It is an adroit and no doubt sincerely studied performance, though in a curious mixture of styles. First impressions are good: the sardonic edge of the dialogue seems unforced and the recurring civilian hungers of Snowy (who has Liz and two small children to think about) and the others carry a degree of sentiment that one would not quarrel with. They are repeated so often, however, the male memories, the frettings, the aching desires punctuate the journey in so uniform and mechanical a fashion, that the cumulative effect is merely novelette-ish. And Snowy's Princess, for all her sophistica- tion, belongs to the country of Maurice Hewlett, while Snowy himself, dazzled and worshipping, goes back to a still earlier and more innocent literary convention. Mr. Llewellyn has some effective realistic passages in this novel, but for the rest has resorted to the more luscious and snobbish make-believe of the cinema to a greater extent than he evidently realises.
As an adventure story The Track of the Cat has atmosphere and a fair degree of rather interrupted excitement. It is about three brothers on a cattle-ranch enclosed by mountains in the American Far West and the hunt for a black panther, a "killer." The narrative is repetitious, and is stretched out to tedious proportions by an assort- ment of obscure little domestic dramas, still more by the portentous magic and mystery of an aged Indian, Joe Sam. There are, however, excellent descriptions, and the long episode in which one of the brothers, the most experienced hunter of the three, falls a victim to his own terror in a snowstorm is very well contrived. Unluckily, Mr. Clark seems to have had in mind much more than an adventure story. The black panther apparently holds, or is meant to hold, something of the cosmic significance of Melville's white whale. This little idea has, I suspect, diverted Mr. Clark's energies, so that his characters are flatter and his narrative mannerisms more tiresomely pronounced than they might otherwise have been.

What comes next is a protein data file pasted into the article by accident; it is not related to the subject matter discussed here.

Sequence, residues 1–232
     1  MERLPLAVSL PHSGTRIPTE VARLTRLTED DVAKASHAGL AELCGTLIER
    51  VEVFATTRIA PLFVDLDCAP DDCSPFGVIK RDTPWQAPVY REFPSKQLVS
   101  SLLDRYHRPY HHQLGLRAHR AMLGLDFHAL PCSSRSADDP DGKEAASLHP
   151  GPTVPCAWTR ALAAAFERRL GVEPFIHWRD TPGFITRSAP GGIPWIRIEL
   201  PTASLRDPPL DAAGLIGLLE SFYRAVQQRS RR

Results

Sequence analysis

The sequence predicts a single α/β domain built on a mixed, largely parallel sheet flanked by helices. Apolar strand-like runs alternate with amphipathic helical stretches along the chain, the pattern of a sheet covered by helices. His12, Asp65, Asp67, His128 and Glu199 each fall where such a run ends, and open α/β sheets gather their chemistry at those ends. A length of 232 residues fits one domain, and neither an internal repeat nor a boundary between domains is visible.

Mr. Lodwick's latest novel shows signs of over-production on his part. He has inventive energy and a nimble and mocking turn of mind, but is too easily content in this arbitrarily compounded tale of spies, spivs and Spandrells in the neighbourhood of the French Riviera with a superficial liveliness of tone. There is not a lot to be said for a consistently smart way of writing.
The five stories in the Gorky volume were originally published in 1925. Two have not previously been translated into English, while the other three, we are told, have appeared in the United States but not in this country. This is not quite correct ; they were included in a volume printed in America but published here in 1927. Mr. Alan Pryce-Jones introduces the volume with an acute eye for the premeditated " ordinariness " of the life it illustrates, though he has a possibly too high regard for the merits of Gorky's later fiction generally. The title-story, which is easily the best, records in an accent of harsh melancholy the successive stages of a man's grotesquely self-denying passion for a bad but good-look inp actress.
R. D. CHARQUES.